Stony Brook students are forming different kinds of relationships, including long-distance, casual and friends with benefits. (EZRA MARGONO / THE STATESMAN)
Stony Brook students are forming different kinds of relationships, including long-distance, casual and friends with benefits. (EZRA MARGONO / THE STATESMAN)

Stony Brook couples of all types walk together between classes, go on study dates, or in some cases, just meet when the mood strikes. Regardless of situation, pursuing a relationship on campus has both challenges and rewards.

Shehrose Raja, freshman computer science major, met his ‘boo’ over winter break through mutual friends. They went out to dinner for their first date, but things are much more casual without a car on campus.

“We mostly hang out, do homework together and walk to class,” Raja said. “We try to avoid sitting with each other when we have class together, though.” He explained that they would be too distracted otherwise.

Much of Raja’s relationship is a balancing act. According to Raja, there’s also much more freedom involved in dating on campus then there was for him in high school.

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“It’s different because you see each other much more. In high school it was only class and lunch,” Raja said.

Some students find that relationships may need even less time than that. Friends with benefits–casual sex beyond hooking up–according to one student is everything you would expect.

The student, who asked not to be named, at one point maintained a relationship with six different women. “I couldn’t keep track of their names, so I always thought of them as one through six,” he said.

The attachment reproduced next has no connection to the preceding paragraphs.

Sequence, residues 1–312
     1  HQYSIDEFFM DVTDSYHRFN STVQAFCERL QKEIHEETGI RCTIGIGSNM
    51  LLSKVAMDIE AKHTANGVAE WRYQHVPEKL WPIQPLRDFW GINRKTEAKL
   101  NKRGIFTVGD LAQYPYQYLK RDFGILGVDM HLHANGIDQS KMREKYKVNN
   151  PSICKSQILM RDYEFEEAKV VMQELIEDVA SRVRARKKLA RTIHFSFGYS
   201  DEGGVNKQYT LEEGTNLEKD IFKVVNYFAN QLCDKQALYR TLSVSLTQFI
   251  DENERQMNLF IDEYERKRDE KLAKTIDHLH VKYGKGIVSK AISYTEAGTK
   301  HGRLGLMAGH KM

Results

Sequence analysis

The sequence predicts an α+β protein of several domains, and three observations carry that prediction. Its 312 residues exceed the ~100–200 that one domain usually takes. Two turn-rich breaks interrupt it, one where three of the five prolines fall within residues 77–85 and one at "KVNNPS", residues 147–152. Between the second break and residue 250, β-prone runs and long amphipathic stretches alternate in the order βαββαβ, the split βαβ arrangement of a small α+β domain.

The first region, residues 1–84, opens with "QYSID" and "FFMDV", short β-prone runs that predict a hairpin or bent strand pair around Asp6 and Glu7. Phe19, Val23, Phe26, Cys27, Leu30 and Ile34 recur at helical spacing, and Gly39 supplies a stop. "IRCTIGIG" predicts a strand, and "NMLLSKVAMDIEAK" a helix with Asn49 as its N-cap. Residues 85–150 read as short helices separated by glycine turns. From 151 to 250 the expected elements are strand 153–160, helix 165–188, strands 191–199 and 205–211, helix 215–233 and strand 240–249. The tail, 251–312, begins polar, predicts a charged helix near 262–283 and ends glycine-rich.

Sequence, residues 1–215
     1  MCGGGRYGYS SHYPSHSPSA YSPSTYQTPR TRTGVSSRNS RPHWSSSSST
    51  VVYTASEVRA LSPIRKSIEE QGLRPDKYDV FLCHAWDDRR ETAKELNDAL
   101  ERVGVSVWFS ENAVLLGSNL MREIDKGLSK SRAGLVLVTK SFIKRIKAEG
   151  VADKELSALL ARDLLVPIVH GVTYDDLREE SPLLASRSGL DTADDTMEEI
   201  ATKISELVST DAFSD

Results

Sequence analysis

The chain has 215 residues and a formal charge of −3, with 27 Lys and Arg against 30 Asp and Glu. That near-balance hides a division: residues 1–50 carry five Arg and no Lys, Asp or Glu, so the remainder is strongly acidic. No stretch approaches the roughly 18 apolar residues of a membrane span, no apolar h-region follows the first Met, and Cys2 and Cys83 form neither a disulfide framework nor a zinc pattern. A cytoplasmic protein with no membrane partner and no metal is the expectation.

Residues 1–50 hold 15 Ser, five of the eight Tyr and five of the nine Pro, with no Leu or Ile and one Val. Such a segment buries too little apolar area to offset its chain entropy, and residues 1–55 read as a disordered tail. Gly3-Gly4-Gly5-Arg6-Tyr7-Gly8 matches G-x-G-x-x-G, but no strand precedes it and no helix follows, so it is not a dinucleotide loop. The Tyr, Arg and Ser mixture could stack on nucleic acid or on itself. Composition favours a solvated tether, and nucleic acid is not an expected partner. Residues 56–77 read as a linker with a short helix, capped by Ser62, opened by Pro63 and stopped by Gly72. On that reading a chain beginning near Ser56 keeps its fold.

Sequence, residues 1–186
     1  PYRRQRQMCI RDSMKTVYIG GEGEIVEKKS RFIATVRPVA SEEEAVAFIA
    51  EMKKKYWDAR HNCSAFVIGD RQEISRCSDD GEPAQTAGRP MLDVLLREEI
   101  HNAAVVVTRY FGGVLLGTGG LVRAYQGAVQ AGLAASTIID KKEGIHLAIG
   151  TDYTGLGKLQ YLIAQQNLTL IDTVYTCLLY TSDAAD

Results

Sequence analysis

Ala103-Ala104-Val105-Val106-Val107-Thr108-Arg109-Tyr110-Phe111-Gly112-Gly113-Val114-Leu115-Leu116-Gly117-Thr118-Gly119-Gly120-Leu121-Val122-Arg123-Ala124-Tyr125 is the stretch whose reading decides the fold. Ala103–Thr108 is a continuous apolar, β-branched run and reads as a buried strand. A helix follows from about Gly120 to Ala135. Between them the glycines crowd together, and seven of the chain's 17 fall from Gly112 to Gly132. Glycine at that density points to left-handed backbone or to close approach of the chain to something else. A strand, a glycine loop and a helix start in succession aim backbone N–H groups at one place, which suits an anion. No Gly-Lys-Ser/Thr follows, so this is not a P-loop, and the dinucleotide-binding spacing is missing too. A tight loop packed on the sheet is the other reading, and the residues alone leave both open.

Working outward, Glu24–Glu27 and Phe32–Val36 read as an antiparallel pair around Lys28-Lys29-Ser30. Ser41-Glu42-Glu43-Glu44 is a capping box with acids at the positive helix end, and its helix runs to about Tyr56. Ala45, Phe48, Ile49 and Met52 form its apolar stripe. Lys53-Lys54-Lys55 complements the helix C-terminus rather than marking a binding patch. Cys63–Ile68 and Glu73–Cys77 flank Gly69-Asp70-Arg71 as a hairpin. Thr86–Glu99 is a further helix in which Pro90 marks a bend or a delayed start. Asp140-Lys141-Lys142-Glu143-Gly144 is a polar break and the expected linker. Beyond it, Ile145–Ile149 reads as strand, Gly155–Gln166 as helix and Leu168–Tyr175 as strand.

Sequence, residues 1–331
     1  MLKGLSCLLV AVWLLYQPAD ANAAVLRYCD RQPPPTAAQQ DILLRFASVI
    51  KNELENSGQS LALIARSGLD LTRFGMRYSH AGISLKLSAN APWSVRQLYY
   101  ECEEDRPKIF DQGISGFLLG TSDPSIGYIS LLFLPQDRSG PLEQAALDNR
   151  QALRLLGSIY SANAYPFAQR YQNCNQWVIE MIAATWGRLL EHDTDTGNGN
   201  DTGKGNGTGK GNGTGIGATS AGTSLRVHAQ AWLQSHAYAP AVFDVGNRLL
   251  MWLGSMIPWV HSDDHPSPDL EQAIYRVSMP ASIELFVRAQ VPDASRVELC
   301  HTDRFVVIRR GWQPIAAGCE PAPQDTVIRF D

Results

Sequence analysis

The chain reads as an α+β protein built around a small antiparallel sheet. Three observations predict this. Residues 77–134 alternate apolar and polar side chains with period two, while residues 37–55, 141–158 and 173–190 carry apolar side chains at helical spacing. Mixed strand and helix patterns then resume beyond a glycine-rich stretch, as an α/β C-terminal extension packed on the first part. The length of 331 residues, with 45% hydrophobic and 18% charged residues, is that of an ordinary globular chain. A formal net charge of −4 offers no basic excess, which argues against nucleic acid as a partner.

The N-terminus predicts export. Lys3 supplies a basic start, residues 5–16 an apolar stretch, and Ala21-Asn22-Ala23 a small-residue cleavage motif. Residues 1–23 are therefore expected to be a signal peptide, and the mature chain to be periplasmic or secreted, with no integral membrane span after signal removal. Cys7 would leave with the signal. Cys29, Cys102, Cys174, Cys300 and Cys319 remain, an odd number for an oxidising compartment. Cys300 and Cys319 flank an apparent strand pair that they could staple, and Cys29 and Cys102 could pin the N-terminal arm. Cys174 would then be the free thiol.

The student met the first girl at his high school job after breaking up with his girlfriend. They started hanging out and partying, and eventually found themselves alone together. He asked her if she wanted to ‘bang,’ and they did.

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“She was cool with it,” he said. “There was no emotional attachment.”

They continued hooking up for several months until she started to develop feelings, at which point he cut it off.

“It never works out in the long term. She’ll always start to develop feelings. That’s just how women are,” he said.

The student is now engaged to number four and says he really does love. He has hooked up with other women a few times while dating her, but much like his relationships with his other friends, there’s no attachment. He said, “It’s only cheating if it’s on an emotional level. Otherwise, its just for experience.”

Other students are committed to maintaining a relationship–even over a distance.

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Cathy Zhao, freshman respiratory care major, met her boyfriend during her senior year of high school, and they continue to date while he lives in Queens, N.Y. Zhao heads back to see him every weekend so they can shop, eat and hang around the city.

According to Zhao, the success of a long-distance relationship “depends on the distance.” Though she is able to see her boyfriend every weekend, she said she thinks living farther apart would make things more difficult. Even in her relationship, Zhao said there are problems that arise from not being around all the time. But Zhao says, “We talk things through and work it out.”

Zhao and her boyfriend have been dating for a year and two months.

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